Stage one the pivot

Every key has a pivot, the types of pivot are legion, there are flat spring pivots pivots with ballraces, sleeve bearings, slots points you name it, they all have advantages and disadvantages, the commonest in the early days and in many military keys is the sleeve bearing, and this is the one I'm going to use on this project, the advantages are it is basically simple to make IF it is done correctly, sleeve bearings have a reputation of being resistive and it has to be said they can be however the main advantage is they are very easily converted to ballraces which I think are the very best, and that will be an option on this key when it is finished in my experience if all the other criteria of a fine key design are met then the downside of sleeve bearings are minimal
Anyway lets get started on making this key, having obtained the necessary brass it is time to cut it into the required parts, which are two one inch pieces and one two inch piece, mark off the required length using a setsquare  below
Now cut this off using your hacksaw slightly oversize, the reason being if you are unfamiliar with using a hacksaw you will almost certainly cut it at an angle or off line such as I have done deliberately on the right, this is usual, cutting squarely is a skill that has to be learnt, and these edges need to be really square, but seeing as you cut it oversize the next job is to square it up, by using a file seeing as we have no power cutting tools, and the best way for a beginner is to fit two pieces of angle iron in a vice or workmate and place the work in between carefully lining up the mark with the edge of the angle iron see below left, then using a file take it down flush to the iron the brass being softer than the iron will smooth out nicely before the iron is hardly touched, the result will be a lovely square edge to the work as can be seen below right.
All three pieces are made the same way checking for size and squareness as you go, when you are happy that they are reasonable a hole has to be drilled in the centre of the two smaller pieces, the easiest way is to mark a cross from corner to corner where they cross in the middle is the place to punch a centre, centre punches are just a pointed piece of hardened steel which you use to punch the brass in the exact spot where it will be drilled, the reason being if you don't do this the drill will tend to wander about and not drill exactly where you want it to see below, if you haven't got a punch you could use a sharpened nail one or two times before it goes blunt. Next again below you get ready to drill it, the work will need to be gripped in a vice of some sort I am using my pillar drill but the same applies to any drill, when the work is in the vice make sure it is exactly 90 degrees to the drill bit by placing a rule on the work then standing back and look at the rule, it is far easier to see if the work is correctly positioned this way, then drill a small hole using a bit well up into the chuck of the drill, reason being small drills can easily bend and so go in at an angle, this is called a pilot hole, next drill the 1/4 inch hole, the bit will follow the pilot hole and you will have a nicely centred hole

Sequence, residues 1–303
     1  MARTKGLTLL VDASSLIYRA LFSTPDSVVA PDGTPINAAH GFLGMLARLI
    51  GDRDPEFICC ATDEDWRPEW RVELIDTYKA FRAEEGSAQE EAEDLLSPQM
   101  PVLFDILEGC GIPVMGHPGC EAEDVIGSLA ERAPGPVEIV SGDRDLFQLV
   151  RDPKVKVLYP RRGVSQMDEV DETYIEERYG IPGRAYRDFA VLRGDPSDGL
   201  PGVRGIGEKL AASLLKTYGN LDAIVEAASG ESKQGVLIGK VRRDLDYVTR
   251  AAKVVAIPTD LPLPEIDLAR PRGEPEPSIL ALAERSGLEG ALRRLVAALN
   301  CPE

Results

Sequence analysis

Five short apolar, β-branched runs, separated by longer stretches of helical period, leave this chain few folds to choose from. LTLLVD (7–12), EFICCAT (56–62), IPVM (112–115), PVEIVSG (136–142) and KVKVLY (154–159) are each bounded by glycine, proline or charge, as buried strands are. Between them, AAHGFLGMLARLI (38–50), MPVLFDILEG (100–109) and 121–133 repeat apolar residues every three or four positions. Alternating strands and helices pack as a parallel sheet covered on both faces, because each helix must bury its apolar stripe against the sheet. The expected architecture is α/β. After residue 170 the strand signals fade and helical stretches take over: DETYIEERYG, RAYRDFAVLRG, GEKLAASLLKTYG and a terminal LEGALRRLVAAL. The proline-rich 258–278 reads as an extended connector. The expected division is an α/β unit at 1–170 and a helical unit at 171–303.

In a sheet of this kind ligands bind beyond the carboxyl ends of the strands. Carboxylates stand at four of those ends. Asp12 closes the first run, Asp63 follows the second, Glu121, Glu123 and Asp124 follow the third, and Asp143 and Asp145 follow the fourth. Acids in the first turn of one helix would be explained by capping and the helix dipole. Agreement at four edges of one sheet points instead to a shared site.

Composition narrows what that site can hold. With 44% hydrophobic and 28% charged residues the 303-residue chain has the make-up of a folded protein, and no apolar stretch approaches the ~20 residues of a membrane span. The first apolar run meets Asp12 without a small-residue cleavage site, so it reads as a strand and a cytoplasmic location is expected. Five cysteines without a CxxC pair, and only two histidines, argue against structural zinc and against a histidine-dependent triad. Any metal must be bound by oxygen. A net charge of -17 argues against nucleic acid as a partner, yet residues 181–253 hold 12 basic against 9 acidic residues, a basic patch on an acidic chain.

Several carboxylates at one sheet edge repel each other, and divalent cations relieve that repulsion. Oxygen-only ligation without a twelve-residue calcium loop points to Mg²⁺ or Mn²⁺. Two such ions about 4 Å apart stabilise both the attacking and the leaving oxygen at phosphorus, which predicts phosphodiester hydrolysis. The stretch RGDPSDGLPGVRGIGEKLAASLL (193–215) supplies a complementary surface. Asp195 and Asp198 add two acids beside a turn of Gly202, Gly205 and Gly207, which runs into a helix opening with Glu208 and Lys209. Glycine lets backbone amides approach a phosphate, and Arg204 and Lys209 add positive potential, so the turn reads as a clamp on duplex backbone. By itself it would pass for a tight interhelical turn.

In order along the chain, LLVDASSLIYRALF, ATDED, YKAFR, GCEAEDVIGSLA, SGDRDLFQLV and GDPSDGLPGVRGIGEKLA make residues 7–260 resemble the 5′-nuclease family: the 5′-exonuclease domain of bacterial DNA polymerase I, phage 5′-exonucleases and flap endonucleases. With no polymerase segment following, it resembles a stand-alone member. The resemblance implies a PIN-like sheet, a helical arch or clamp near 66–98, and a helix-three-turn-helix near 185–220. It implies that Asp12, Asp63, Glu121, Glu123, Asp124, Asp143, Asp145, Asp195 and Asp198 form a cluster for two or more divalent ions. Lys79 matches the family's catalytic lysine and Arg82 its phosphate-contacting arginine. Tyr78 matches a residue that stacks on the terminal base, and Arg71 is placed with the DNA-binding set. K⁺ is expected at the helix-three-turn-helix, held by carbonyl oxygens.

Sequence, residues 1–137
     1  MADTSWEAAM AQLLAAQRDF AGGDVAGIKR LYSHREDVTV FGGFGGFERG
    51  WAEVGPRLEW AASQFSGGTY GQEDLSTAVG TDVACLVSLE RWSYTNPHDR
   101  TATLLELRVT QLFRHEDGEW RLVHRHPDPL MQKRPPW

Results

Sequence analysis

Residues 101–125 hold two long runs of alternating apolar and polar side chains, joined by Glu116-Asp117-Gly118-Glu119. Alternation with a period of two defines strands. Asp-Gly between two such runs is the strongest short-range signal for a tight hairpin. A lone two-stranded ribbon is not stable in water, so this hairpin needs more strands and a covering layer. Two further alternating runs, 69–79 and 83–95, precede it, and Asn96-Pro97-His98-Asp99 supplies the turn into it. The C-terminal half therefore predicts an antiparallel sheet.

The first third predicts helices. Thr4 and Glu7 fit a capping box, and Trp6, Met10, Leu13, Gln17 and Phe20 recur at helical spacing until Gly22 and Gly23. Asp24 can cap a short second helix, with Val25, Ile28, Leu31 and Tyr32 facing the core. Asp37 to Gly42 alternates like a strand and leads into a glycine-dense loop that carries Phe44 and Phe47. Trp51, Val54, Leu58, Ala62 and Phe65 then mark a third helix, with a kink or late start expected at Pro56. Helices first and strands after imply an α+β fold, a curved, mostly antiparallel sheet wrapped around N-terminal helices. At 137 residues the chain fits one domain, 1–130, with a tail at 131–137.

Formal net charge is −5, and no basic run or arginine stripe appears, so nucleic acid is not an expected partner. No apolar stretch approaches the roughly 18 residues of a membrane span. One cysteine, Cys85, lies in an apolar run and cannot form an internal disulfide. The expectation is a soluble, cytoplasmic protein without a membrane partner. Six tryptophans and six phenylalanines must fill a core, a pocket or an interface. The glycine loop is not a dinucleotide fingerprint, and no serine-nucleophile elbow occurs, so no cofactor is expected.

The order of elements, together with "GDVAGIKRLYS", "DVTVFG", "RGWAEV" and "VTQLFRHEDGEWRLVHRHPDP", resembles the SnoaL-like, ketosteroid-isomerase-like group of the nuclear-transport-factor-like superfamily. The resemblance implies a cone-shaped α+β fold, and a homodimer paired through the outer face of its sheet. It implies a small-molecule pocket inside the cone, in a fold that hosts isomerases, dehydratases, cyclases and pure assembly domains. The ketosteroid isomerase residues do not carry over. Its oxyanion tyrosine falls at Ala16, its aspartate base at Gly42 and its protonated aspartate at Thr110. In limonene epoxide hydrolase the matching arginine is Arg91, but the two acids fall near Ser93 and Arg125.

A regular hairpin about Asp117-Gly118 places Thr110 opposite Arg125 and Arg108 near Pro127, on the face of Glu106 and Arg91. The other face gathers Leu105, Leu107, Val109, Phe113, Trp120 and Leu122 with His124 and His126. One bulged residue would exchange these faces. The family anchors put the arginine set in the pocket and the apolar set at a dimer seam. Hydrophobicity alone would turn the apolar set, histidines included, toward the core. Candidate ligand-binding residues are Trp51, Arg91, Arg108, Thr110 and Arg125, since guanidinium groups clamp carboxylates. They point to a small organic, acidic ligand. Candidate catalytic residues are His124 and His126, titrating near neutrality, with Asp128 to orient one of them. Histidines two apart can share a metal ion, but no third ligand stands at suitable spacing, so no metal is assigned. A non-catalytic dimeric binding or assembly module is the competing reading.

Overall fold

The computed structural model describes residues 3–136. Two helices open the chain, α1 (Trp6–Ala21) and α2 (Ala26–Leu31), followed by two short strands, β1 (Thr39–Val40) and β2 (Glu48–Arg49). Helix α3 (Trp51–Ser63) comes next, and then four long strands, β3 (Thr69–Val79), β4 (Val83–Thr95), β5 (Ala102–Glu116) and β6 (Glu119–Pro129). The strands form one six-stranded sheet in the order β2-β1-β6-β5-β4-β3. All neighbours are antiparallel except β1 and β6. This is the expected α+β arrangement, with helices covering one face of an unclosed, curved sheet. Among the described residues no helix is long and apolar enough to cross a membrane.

OK so far, two holes drilled time to clean up the work, rub all sides with emery cloth so all are bright and shiny and remove all burrs with a fine file, these are the rough edges from the filing and drilling process, next on some pieces of ceramic tile or similar place the two end pieces on the top of the large piece and cut a length of 1/4 round brass the exact length of the large piece and assemble the pivot, as in the picture below, you can swap the end pieces about to get the best fit as there are bound to be a few minor variations in height and squareness, the ends should sit flat on the bottom piece and the round axle should parallel to the bottom no twists or wobbles, this is called alignment and is critical to the operation of the key, the axle MUST fit snugly in the holes even if the end pieces are not exactly straight spend some time getting it right pushing the pieces into position with a small screwdriver or similar (fingers are to podgy) when you are happy that it is all correct then you light your blow lamp and get the whole assembly VERY HOT, it must be almost red, when that point is reached take the blowlamp away and run the solder into the inner join where the side pieces sit on the bottom piece, the solder should run like water as the flux burns off, if it just melts and sits there in a lump things are not hot enough, the solder must run under the side plates, if done correctly this will produce a VERY tough joint, poorly done it will fail at some point and your key will fall to pieces usually just as you are showing it to someone (been there) then let it all cool off gradually no water, when cool the axle should turn freely in the sleeve you have drilled, to be honest the correct way is to drill the hole slightly undersize and then bore out the holes with a boring tool but this is advanced stuff, if it is a little tight you can polish the axle with fine emery cloth if it feels a little loose no matter it will hardly be noticeable when the key is assembled or of no consequence if ballrace bearings are fitted later, now clean the whole thing up with fine emery.
End of stage 1  great fun eh?